(iii) The decision in V. P. Pollution Control Board’s case  63 Comp Cas 77 (SC) was followed by Padmini Jesudurai J. in Krishan Bai v. Arti Press  LW (Crl.) 513 ;  80 Comp Cas 750 (Mad), wherein the learned judge held that unless the company was made an accused, the person in charge of and responsible to the company for the conduct and business of the company cannot be made an accused. This view was followed by Pratap Singh J., in the decision reported in S. Krishnamoorthy v. B.S. Kesavan  80 Comp Cas 755 (Mad) ;  1 LW (Crl.) 135. That was a case where when a cheque was issued by a firm, the partner only was prosecuted. Pratap Singh J., had held that inasmuch as the offence was committed by the firm, without the firm being arrayed as accused, the petitioner (partner) alone cannot be arrayed as an accused and be proceeded with.
(iv) In A. Jafferullah v. T. Stanes and Co. Ltd.  80 Comp Cas 759 (Mad) ;  1 LW (Crl.) 262, Pratap Singh J., confirmed the earlier view expressed in Krishnamoorthy’s case  80 Comp Cas 755 (Mad). The learned judge held that of the two decisions rendered by the apex court in Sheoratan Agarwal’s case and U. P. Pollution Control Board’s case  63 Comp Cas 77 (SC) the latter decision should be followed.
(v) In Suryanarayanan v. Anghor Marine Service  1 LW (Crl.) 132 ;  94 Comp Cas 874 (Mad) when a similar question arose, Rangasamy J., has expressed the view that the company shall also be prosecuted and the partner alone cannot be prosecuted.
(vi) But, the view expressed by the apex court in Sheoratan Agarwal’s case , was followed in Alex v. Vijayan  81 Comp Cas 910 (Ker) ;  1 Crimes 505, wherein the Kerala High Court held that proceedings can be instituted under Section 138 of the Negotiable Instruments Act against the directors without impleading the company.
(v) The same view was expressed by the same court in the decision reported in M. O. H. Iqbal v. M. Uthaman  2 Crimes 72 ;  82 Comp Cas 726 (Ker). It was held by that court that when the offence is committed by a company either the company alone or the persons in charge of the business of the company alone or both of them together can be prosecuted for the offences under Section 138 of the Negotiable Instruments Act.
(vi) In N. Doraisamy v. Archana Enterprises  39 MLJ 482 ;  97 Comp Cas 129 (Mad), M. S. Janarthanam J., followed the view expressed by the apex court in Sheoratan Agarwal’s case , and held that the managing director can be prosecuted even without including the company as co-accused M. S. Janarthanam J., had also pointed out that earlier decisions rendered by this court on this point had not correctly laid down the law in the light of the decision rendered by the apex court reported in Sheoratan Agarwal’s case .
(vii) In the latest decision reported in Anil Hada v. Indian Acrylic Ltd.  99 Comp Cas 36 (SC);  1 LW (Crl.) 422, a question was posed by the apex court: When a company, which committed offence under Section 138 of the Negotiable Instruments Act, eludes from being prosecuted thereof, can the directors of that company be prosecuted for that offence ? The apex court has pointed out that the offender under Section 138 of the Negotiable Instruments Act is the drawer of the cheque, but by virtue of fiction envisaged in Section 141 of the Negotiable Instruments Act, three categories of persons can be discerned within the purview of penal liability. They are (1) the company which committed the offence ; (2) everyone who was in charge of and responsible for the business of the company ; (3) any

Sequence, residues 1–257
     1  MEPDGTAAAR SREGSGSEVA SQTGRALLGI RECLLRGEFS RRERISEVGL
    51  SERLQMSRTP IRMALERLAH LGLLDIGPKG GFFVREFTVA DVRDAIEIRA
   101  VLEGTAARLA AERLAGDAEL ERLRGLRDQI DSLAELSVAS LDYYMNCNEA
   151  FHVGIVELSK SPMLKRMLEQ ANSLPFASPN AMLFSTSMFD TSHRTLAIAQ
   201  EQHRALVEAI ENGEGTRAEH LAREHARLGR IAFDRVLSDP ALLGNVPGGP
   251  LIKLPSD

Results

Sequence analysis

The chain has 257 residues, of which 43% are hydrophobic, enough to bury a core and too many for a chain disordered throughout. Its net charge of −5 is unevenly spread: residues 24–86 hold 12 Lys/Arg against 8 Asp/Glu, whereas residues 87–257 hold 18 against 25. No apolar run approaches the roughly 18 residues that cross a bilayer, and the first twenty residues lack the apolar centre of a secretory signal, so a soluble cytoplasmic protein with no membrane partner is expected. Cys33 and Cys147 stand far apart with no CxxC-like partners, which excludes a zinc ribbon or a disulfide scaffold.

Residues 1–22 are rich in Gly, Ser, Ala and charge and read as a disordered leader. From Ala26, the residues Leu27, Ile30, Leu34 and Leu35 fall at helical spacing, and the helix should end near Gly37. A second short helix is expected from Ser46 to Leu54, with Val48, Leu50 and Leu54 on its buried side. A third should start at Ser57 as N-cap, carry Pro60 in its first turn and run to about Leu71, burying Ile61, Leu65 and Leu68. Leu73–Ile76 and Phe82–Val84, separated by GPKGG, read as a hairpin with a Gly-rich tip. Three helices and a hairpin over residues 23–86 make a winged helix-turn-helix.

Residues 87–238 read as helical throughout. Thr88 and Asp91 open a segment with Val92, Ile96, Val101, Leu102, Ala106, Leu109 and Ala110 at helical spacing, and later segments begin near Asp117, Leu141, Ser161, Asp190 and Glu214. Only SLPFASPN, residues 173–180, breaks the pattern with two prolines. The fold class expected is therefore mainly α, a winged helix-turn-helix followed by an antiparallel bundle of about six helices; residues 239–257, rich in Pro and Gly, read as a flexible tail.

other person who is a director or a manager or a secretary or officer of the company, with whose connivance or due to whose neglect the company has committed the offence. Their Lordships of the apex court have stated as under in paragraph 12 (page 40 of Comp Cas) :
“12. Thus when the drawer of the cheque who falls within the ambit of Section 138 of the Act is a human being or a body corporate or even firm, prosecution proceedings can be initiated against such drawer. In this context the phrase ‘as well as’ used in Sub-section (1) of Section 141 of the Act has some importance. The said phrase would embroil the persons mentioned in the first category within the tentacles of the offence on par with the offending company. Similarly, the words ‘shall also’ in Sub-section (2) are capable of bringing the third category persons additionally within the dragnet of the offence on an equal par. The effect of reading Section 141 is that when the company is the drawer of the cheque such company is the principal offender under Section 138 of the Act and the remaining persons are made offenders by virtue of the legal fiction created by the Legislature as per the section. Hence the actual offence should have been committed by the company, and then alone the other two categories of persons can also become liable for the offence.”
Their Lordships have further stated in paragraph 13 as under (page 41):